MP resigns to fight 'database state'

Google-Yahoo strike deal

Google and Yahoo have confirmed a non-exclusive deal to run Google's search and contextual advertising technology through its AdSense for Search and AdSense for Content advertising programmes on the Yahoo search engine, reports eWeek.

Financial terms of the deal, which has been rumoured since the companies began testing it in April to throw a wrench into Microsoft's bid to buy Yahoo, were not disclosed.

The agreement, coming only hours after Yahoo's negotiations with Microsoft, to sell its search business or do some other deal, were proclaimed dead, includes a four-year initial term and two three-year renewals if Yahoo chooses.

MP resigns to fight 'database state'

UK shadow home secretary David Davis plans to fight a parliamentary by-election in which he will campaign against the creation of "a database state", reports Computing.co.uk.

The Tory MP is a vocal opponent of the drive to set up a national ID card system and plans to resign his seat to force the election in which he will stand.

Davis is credited with persuading the shadow cabinet to commit to scrapping identity cards. Davis announced his maverick decision - taken without Tory leader David Cameron's support - on the steps of the public entrance to the Commons.

Hacker gets 41 months

A hacker who hooked up a botnet within Newell Rubbermaid's corporate network was sentenced to 41 months in prison, says ITWorld.

Robert Matthew Bentley, of Panama City, Florida, must also pay $65 000 restitution. He was sentenced in the US District Court for the Northern District of Florida.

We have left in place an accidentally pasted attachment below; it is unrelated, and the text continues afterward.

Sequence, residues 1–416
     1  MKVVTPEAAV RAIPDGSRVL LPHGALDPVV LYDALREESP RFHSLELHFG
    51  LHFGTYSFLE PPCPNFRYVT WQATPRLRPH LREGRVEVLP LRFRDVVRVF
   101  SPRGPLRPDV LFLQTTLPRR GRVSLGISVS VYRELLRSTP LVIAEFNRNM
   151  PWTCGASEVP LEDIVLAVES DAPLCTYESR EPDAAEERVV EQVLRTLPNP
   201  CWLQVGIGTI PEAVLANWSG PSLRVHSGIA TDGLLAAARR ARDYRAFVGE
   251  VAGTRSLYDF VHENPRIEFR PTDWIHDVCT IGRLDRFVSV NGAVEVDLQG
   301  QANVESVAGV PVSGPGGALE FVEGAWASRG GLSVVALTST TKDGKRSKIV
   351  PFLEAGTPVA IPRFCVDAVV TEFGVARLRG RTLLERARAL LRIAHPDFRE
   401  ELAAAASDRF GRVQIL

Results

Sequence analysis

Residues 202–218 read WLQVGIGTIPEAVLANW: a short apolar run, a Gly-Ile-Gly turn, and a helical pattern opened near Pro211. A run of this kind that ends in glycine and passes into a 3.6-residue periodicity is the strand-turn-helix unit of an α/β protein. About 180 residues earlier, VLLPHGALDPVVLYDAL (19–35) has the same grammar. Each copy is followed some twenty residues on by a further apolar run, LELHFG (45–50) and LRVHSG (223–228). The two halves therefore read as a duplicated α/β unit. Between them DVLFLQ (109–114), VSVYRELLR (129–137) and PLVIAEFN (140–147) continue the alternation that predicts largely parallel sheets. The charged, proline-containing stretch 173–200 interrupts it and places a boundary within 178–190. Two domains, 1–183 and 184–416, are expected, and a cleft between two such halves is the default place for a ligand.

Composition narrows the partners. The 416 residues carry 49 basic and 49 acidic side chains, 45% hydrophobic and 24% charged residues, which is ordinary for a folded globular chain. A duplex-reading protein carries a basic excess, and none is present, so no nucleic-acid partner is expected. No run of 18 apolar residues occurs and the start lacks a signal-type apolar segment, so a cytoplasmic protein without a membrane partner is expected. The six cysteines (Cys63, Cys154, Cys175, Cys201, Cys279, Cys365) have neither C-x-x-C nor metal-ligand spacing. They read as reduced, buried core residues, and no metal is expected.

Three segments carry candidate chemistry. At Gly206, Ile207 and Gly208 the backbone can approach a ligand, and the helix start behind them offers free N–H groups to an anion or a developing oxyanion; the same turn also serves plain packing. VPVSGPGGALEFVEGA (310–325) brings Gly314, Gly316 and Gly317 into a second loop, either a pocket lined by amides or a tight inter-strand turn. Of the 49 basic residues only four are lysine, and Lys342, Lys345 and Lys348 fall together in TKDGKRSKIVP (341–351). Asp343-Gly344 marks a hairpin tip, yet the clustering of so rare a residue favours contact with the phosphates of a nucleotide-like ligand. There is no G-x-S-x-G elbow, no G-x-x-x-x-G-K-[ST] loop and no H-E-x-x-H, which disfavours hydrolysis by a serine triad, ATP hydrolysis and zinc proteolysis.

Bentley could have received a 10-year sentence. He pleaded guilty to charges of computer fraud and conspiracy to commit computer fraud for using the botnet to install advertising software on PCs located throughout Europe.

Nasa tests Mars robots

Nasa scientists plan to pre-position robots and robotic rovers on the red planet before the first astronauts arrive. That way, the robots will be ready to help their human counterparts on what will probably be Nasa's most taxing mission yet, says Computerworld.

And while that's years away, Nasa is testing its robotic muscle now. With three robotic arms aboard the International Space Station and the space shuttle Discovery returning from the most robotically intense mission yet, Nasa is using this robotic work as a test bed for future missions.

"We're using robots a lot more," said Allard Beutel, a Nasa spokesman. "We keep increasing the complexity of the robotics work we do. This really complex robotics work is becoming commonplace. This mission was entirely dependent on robotics. We couldn't have done this work without them."

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